A credit score is not immutable. It is an ever-changing entity and as your financial behavior changes, so does your credit score. If you manage your finances responsibly and don’t show an overreliance on credit, you are likely to be seen by other lenders as a safe bet for new credit.

As an example, an Experian credit score will range between 0 and 999. A very poor credit score is considered below 560, while an excellent score is above 961.

A damaged credit rating can have a serious impact on an individual’s ability to borrow from a lender, especially a mortgage. If your credit rating is poor, it indicates that you are less trustworthy when it comes to repaying a loan.

How can I calculate my credit score?






Tough times mean banks are getting meaner and tougher on who they’re willing to lend

There are a series of major credit reference agencies that allow people to check their score before applying for credit, including; Equifax, Experian, Callcredit, ClearScore, Credit Angel and Noddle.

These credit reference agencies store data on the financial activities of millions of Britons. They make money by commissioning companies, like banks, to search for these files when people apply for loans, credit cards, mortgages, etc.

However, they also give you the option to review your report and correct or dispute any inaccuracies, such as a change of address, which can save you a fortune in additional costs later.

How to increase your credit score

How to improve your credit score

It’s more vital than ever that you check your credit report, understand what’s affecting your credit score, and clean it up as much as possible. It’ll give you a shot at getting that mortgage, loan, or credit card – and at the best rate.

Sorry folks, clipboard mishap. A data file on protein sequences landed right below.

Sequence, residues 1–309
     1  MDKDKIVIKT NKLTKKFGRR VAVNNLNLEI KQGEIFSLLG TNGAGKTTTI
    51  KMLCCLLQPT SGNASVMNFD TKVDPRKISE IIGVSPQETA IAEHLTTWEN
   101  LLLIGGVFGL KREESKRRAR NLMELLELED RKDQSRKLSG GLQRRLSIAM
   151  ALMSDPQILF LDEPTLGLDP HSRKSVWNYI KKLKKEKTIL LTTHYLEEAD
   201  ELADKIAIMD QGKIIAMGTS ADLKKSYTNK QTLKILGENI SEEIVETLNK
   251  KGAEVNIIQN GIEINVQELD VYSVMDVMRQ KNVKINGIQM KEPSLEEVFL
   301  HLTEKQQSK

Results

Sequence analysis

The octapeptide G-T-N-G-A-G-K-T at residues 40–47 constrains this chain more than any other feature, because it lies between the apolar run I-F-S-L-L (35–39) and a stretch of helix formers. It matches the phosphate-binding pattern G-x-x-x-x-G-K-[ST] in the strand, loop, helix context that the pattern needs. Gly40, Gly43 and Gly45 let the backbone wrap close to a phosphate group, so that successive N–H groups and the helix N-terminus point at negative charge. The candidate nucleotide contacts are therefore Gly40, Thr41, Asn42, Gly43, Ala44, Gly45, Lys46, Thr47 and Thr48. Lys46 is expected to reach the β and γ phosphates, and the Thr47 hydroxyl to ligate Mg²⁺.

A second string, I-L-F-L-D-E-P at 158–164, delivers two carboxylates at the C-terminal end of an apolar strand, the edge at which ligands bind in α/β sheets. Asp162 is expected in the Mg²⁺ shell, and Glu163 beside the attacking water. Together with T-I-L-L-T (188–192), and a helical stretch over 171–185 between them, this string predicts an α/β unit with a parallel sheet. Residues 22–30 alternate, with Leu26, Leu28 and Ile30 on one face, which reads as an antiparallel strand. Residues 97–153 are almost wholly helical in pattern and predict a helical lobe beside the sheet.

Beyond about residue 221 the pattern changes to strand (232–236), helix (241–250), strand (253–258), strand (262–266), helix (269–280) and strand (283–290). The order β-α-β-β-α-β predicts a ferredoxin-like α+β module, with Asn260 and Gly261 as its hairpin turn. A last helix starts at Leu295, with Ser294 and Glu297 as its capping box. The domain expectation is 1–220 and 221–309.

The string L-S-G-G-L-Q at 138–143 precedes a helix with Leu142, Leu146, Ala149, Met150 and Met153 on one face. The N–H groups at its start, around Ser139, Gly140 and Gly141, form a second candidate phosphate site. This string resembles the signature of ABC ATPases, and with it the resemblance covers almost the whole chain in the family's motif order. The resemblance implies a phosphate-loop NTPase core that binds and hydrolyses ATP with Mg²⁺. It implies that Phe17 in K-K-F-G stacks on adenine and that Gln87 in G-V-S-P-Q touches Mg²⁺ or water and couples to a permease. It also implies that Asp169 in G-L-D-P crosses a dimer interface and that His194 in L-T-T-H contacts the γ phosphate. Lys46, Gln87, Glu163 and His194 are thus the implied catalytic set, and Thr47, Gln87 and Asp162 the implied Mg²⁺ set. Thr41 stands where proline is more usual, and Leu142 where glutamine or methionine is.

Research from CreditExpert shows that eight out of 10 of us believe failure with a lender will hurt how others rate you. Although a “fingerprint” of the lenders’ searches is recorded, the fact that they have refused you credit is not. But if you apply quickly elsewhere, too many footprints will sound the alarm that you’re in financial trouble.

Around a quarter of people believe that missing a mortgage or credit card payment won’t impact their credit score – but these are two of the biggest negative factors on a credit score.

5 steps to improve your credit score

One way to improve your score is to get a credit card and make regular payments.

You must establish a history of card use and make payments on time EVERY month. Pay off the balance each month to increase your score without paying interest.

For example, buy gasoline on it once a month and then pay the entire bill.

  1. Make sure you are registered on the list of electors at your current address. If you’re not, it can cause delays when you apply for credit, and some companies may refuse you outright if they can’t confirm where you live.

  2. Make sure all the information in your credit file is completely accurate and up to date. Dispute it if not.

  3. If you have ever had credit problems and there were special circumstances such as loss of your job, family bereavement, etc., explain this on your report by adding a notice of correction to any late payment. payment for this period.

  4. If you had financial ties to others that are no longer relevant (such as an ex-partner), request that they be removed from your records.

  5. Close accounts you no longer use. A large number of unused credits that you can access without additional verification can negatively affect your rating. It can also make you more vulnerable to fraud.

  6. Financial ties, such as a joint mortgage or a bank account with a partner, will show up on your credit report as an “association” with your other half, says James Jones, chief consumer officer at Experian. Being related to someone else means their credit rating could affect yours. “If you are still financially linked with a former partner but you know you no longer have a link, contact the credit reference agencies to have the associations canceled,” he adds.